NPA: 15 dead in Batangas were ours
The communist-led National Democratic Front of the Philippines (NDFP) and the New People’s Army (NPA) in Southern Tagalog hailed the heroism of their 15 comrades who were killed on Tuesday in clashes with government forces in Nasugbu, Batangas province.
“The revolutionary movement in Southern Tagalog salutes the 15 Red fighters and the commander of the New People’s Army who were slain by the fascist Armed Forces of the Philippines,” Patnubay de Guia, NDFP-Southern Tagalog spokesperson, said in a statement.
The NDFP is the political arm of the Communist Party of the Philippines (CPP), while the NPA is the armed wing of the CPP.
On Nov. 28, military and police forces engaged NPA members in two vehicles in a firefight in the adjacent villages of Aga and Kaylaway, along the dimly lit part of the Tagaytay-Nasugbu highway.
The military tagged the slain rebels, including student activists, as “full-time” guerrillas.
Call for probe
Gabriela, meanwhile, has called on the Commission on Human Rights to conduct a “thorough and immediate” probe of the firefight that killed 15 people, including two female university students.
Killed in the ambush in Nasugbu, Batangas, were University of the Philippines-Manila biochemistry student Josephine Anne Lapira, also an officer of the Gabriela Youth-Manila; and former Polytechnic University of the Philippines student Kamil Manangan.
UP student buried
Lapira was buried at Loyola Memorial Park in Marikina on Sunday afternoon. The burial was private and off limits to journalists.
Gabriela denounced the AFP and the Philippine National Police for disclosing the names of those killed without their families’ consent, and for releasing Lapira’s photo through the Legal Army Wives Facebook page.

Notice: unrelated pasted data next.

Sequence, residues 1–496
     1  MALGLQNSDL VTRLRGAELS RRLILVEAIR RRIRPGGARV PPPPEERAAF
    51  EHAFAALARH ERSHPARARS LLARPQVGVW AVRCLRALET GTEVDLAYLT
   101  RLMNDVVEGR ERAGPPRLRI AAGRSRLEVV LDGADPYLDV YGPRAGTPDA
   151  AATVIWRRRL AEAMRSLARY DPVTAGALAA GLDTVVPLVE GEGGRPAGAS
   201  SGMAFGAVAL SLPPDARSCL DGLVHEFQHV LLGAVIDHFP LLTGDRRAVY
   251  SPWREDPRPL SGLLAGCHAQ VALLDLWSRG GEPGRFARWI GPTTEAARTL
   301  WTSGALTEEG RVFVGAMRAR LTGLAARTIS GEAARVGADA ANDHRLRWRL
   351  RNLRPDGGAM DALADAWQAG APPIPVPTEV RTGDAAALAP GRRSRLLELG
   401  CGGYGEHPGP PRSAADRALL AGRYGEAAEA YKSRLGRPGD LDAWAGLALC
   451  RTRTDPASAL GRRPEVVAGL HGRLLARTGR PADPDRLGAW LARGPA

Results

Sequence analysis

Gabriela also condemned the brutal manner of their deaths and the ill treatment of their bodies. “All their belongings, even the clothes on their bodies, were taken away by the military,” it said.
The photos, which showed Lapira’s body wrapped in blankets, were contrary to the Army’s claim that Lapira had been rushed to the hospital, Gabriela said.
“The haphazard handling of the crime scene investigation points to a whitewash, amid initial reports that also point to excessive use of force and overkill on the part of AFP and PNP operatives,” the women’s group added.
De Guia considered the killing of the NPA members, claimed by state forces as their “latest big score” against communist insurgents, a temporary setback.
“Soon, the revolutionaries of Batangas will gain strength again to take up arms and take the places of our martyred comrades in Nasugbu,” De Guia said.
But Maj. Gen. Rhoderick Parayno, commander of the Army’s 2nd Infantry Division, said the NPA was losing support.
“Those valuable reports on the NPA location and activities were often provided by unknown ordinary civilians through phone calls or text messages,” Parayno said.
He said civilian communities even in remote areas, the traditional mass base of communist rebels, had been providing vital information to the police and the military.
“This trend indicates that the NPA is now losing the support [of] their so-called mass base,” Parayno said.
On Saturday, Magdalo Rep. Gary Alejano expressed suspicion that the supposed antagonism between President Duterte and communist leaders could be part of a “grand scheme” to use insurgent attacks as an excuse to declare a revolutionary government.
The former rebel Marine captain and ardent Duterte critic said the communist rebels could be a witting or unwitting partner in the President’s scheme.
CPP founder Jose Maria “Joma” Sison in an interview from Utrecht, The Netherlands, belied the observation that the conflict between the communist movement and the Duterte regime was part of the President’s plan to proclaim a revolutionary government.
Sison vowed that those who doubt “will witness more fighting to come from the people’s army, the mass movement and the broad united front.”
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